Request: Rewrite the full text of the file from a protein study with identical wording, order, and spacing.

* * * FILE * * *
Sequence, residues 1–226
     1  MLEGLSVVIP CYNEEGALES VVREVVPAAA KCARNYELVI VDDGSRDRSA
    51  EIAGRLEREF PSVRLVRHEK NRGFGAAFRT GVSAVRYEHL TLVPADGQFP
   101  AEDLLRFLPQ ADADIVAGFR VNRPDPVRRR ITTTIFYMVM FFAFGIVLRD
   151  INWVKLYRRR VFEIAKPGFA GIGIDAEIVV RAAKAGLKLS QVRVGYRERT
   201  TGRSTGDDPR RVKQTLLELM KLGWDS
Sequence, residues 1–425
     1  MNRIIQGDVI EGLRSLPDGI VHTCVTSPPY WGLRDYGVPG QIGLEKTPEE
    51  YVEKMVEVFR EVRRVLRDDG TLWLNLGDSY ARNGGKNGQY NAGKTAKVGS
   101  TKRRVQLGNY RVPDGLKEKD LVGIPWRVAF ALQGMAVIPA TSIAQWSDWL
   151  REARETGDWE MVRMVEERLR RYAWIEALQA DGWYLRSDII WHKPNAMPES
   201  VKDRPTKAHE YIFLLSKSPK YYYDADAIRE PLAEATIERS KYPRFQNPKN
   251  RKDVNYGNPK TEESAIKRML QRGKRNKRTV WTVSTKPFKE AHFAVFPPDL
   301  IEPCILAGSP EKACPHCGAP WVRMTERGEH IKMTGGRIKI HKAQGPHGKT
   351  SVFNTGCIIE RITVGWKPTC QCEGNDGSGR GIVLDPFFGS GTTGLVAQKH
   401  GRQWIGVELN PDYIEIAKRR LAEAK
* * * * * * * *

Sequence, residues 1–226
     1  MLEGLSVVIP CYNEEGALES VVREVVPAAA KCARNYELVI VDDGSRDRSA
    51  EIAGRLEREF PSVRLVRHEK NRGFGAAFRT GVSAVRYEHL TLVPADGQFP
   101  AEDLLRFLPQ ADADIVAGFR VNRPDPVRRR ITTTIFYMVM FFAFGIVLRD
   151  INWVKLYRRR VFEIAKPGFA GIGIDAEIVV RAAKAGLKLS QVRVGYRERT
   201  TGRSTGDDPR RVKQTLLELM KLGWDS
Sequence, residues 1–425
     1  MNRIIQGDVI EGLRSLPDGI VHTCVTSPPY WGLRDYGVPG QIGLEKTPEE
    51  YVEKMVEVFR EVRRVLRDDG TLWLNLGDSY ARNGGKNGQY NAGKTAKVGS
   101  TKRRVQLGNY RVPDGLKEKD LVGIPWRVAF ALQGMAVIPA TSIAQWSDWL
   151  REARETGDWE MVRMVEERLR RYAWIEALQA DGWYLRSDII WHKPNAMPES
   201  VKDRPTKAHE YIFLLSKSPK YYYDADAIRE PLAEATIERS KYPRFQNPKN
   251  RKDVNYGNPK TEESAIKRML QRGKRNKRTV WTVSTKPFKE AHFAVFPPDL
   301  IEPCILAGSP EKACPHCGAP WVRMTERGEH IKMTGGRIKI HKAQGPHGKT
   351  SVFNTGCIIE RITVGWKPTC QCEGNDGSGR GIVLDPFFGS GTTGLVAQKH
   401  GRQWIGVELN PDYIEIAKRR LAEAK